AIDS Healthcare Foundation responds to those with questions concerning the AIDS organization’s involvement with the ‘mega’ development ballot measure.
LOS ANGELES (April 8, 2016) In a new editorial advertisement that appears in the April 8-14 issue of LA Weekly, AIDS Healthcare Foundation (AHF) explains its decision to spearhead the Neighborhood Integrity Initiative, a proposed measure that will appear on the March 2017 ballot. The measure seeks to halt runaway residential development in Los Angeles and curtail the tendency of city officials to circumvent the city’s General Plan to rubber stamp large-scale developments that fail to address its well-documented affordable housing shortage. The statement comes in response to recently published articles that question AHF on using its resources to address local issues regarding development, housing, and city planning. In a letter to the editor, one LA Times reader asks: “What possible harm could the building of these residences inflict on AIDS patients?”
In its ad, AHF responds:
“At its heart, AIDS Healthcare Foundation’s (AHF) is a social justice organization. Over the past three decades, our fight has centered on health disparities of people living with AIDS and other infectious diseases. Over the course of this battle, AHF has taken on many related issues including racism, gender inequality, immigration policies and various kinds of stigma. […] Holistic health embraces the totality of what is required to keep someone healthy. Protecting the public health in a broad context involves embracing a person’s full humanity.”
AHF gives examples of how gentrification negatively affects the lives of AHF’s patients and staff:
“Our staff and clients are suffering because of the changes that are taking place in Los Angeles. More and more of our patients are homeless. Our staff cannot afford to live close to where they work and sit in snarled traffic for hours every day. […] All the privileges are going to the wealthy at the expense of the poor and middle-income people. Affordable housing is torn down to make way for luxury towers. Stable, diverse communities are being displaced by expensive condos, trendy shops and costly restaurants and bars. This is not progress—it is displacement.”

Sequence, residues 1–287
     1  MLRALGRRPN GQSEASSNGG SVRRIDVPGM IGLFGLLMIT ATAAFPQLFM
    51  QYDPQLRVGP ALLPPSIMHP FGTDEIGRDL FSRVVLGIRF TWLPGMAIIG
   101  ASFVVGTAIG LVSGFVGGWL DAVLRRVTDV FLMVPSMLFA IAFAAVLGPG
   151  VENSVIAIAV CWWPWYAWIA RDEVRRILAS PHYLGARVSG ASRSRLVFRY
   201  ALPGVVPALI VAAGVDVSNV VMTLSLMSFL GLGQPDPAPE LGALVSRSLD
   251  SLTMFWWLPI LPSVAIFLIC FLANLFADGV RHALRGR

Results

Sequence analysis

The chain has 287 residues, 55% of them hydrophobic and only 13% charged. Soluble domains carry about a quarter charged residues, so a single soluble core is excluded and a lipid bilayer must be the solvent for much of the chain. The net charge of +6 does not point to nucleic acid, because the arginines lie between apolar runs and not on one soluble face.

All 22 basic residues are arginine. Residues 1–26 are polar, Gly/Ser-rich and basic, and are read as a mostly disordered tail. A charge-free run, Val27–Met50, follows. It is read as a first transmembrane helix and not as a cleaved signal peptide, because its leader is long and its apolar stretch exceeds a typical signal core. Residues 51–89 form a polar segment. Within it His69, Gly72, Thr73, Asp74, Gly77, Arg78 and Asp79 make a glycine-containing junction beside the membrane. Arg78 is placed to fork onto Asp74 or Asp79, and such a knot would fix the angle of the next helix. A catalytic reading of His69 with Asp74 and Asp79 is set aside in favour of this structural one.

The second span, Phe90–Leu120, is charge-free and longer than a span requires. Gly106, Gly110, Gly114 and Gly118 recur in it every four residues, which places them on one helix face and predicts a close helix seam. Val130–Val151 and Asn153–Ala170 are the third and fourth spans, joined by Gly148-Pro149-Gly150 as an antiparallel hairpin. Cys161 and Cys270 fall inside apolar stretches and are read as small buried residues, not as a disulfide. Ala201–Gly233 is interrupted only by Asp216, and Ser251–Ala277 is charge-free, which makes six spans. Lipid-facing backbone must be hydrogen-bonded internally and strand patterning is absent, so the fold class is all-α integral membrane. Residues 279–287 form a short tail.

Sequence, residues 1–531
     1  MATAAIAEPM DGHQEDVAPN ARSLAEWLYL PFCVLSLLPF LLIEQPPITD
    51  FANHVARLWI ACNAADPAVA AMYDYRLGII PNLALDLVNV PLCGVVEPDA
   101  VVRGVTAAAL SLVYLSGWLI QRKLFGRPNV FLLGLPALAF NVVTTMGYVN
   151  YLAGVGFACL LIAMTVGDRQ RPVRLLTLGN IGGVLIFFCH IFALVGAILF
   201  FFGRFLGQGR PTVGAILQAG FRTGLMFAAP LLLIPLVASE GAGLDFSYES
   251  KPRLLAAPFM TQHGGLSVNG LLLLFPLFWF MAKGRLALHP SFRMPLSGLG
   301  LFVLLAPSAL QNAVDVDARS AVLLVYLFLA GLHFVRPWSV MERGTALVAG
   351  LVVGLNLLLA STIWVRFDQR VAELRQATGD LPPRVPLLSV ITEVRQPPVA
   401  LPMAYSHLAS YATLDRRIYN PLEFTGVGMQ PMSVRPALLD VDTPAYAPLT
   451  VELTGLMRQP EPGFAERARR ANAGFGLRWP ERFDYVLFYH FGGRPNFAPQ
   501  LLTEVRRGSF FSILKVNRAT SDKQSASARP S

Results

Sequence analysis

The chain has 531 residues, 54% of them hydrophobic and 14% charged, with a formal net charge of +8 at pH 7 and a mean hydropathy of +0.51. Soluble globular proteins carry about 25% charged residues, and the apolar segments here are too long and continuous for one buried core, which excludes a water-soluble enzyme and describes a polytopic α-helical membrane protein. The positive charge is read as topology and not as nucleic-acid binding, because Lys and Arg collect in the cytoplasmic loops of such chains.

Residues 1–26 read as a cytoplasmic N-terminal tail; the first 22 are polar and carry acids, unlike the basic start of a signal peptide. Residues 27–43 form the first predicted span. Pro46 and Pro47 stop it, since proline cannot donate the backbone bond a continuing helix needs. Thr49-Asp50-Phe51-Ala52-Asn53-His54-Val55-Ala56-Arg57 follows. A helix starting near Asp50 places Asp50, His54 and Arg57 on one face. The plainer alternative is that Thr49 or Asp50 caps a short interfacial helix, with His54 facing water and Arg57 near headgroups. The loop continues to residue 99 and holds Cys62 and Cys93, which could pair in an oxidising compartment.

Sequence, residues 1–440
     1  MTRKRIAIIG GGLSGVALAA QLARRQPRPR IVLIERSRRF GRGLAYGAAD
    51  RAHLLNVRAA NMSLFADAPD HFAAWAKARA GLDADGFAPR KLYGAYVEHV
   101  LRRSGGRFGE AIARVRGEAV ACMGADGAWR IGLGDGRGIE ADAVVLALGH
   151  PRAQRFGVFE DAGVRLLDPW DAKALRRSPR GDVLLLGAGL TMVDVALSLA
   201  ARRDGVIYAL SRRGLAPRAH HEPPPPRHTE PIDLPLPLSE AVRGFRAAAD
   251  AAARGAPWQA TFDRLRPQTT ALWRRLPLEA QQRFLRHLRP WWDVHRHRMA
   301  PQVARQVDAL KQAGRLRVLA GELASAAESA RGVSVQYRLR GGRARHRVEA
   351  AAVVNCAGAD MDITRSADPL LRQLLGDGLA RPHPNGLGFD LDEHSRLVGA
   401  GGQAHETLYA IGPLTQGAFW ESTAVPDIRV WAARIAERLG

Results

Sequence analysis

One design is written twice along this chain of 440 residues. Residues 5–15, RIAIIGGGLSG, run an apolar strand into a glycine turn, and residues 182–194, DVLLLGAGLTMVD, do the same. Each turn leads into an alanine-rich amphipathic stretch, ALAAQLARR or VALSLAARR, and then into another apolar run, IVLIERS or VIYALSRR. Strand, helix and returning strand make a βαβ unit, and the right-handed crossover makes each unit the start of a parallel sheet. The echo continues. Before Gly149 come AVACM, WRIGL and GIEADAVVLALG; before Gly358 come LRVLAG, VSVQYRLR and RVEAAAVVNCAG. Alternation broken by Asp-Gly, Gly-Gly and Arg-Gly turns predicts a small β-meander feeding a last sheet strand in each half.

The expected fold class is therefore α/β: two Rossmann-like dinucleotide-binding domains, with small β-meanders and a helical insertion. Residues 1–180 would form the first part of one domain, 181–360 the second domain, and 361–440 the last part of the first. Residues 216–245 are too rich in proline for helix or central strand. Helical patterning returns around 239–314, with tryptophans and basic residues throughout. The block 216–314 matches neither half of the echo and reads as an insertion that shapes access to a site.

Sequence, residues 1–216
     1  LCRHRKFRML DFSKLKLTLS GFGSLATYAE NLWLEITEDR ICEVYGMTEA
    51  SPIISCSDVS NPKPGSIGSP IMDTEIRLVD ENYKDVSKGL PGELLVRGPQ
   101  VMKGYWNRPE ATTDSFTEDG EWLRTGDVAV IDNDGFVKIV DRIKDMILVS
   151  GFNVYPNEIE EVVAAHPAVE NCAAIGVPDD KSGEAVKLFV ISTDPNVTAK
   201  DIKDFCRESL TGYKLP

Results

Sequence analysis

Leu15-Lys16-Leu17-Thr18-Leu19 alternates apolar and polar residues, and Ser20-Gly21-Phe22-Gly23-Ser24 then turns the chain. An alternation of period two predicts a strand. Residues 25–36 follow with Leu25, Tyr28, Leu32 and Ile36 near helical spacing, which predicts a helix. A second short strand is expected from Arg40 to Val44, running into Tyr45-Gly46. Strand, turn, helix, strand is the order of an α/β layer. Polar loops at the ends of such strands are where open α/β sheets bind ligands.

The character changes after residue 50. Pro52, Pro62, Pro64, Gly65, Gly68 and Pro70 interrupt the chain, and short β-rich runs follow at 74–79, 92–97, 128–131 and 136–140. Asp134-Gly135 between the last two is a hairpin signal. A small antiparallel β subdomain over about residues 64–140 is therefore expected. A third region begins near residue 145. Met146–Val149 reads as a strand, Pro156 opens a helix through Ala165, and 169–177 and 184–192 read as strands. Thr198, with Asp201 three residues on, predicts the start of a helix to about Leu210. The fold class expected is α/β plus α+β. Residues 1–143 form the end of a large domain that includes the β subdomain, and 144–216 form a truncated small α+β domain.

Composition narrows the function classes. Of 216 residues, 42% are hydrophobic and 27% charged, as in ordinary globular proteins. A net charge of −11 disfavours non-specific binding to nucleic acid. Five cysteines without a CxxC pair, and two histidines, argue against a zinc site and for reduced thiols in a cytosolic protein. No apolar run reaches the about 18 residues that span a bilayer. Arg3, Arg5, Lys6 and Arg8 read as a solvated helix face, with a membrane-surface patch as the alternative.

As a global public health organization with international headquarters in Los Angeles since 1987, AHF has a duty—both locally and across the globe—to address the full scope of its patients’ health needs and quality of life. In addition to crime and violence, housing environment is considered to be a key factor in affecting human health, especially for low-income and/or ethnic minority communities. According to a report from Housing Opportunities for Persons With AIDS (HOPWA), “research and practice have demonstrated that safe, stable housing provides the essential foundation for successful management of HIV and other chronic diseases.” The report also states that half of Americans living with HIV will experience homelessness or housing instability at some point following their diagnosis.
Through the passage of the Neighborhood Integrity Initiative, AHF seeks to curb unnecessary and over-scaled residential developments that displace low- and middle-income residents and endanger L.A.’s underserved HIV-positive residents.
AHF generates the bulk of its revenue through its national network of pharmacies, thrift stores, and health care centers and does not rely on individual or group contributions for its $1.3 billion operating budget. As a result, AHF is empowered to pursue a diverse set of advocacy initiatives to benefit its clients and society at large. From its frontline efforts to extinguish Ebola in West Africa to its grassroots campaign to remove the Confederate symbol from the Mississippi state flag, the Neighborhood Integrity Initiative joins a series of pressing social issues where AHF has taken a stand—or led the charge for change.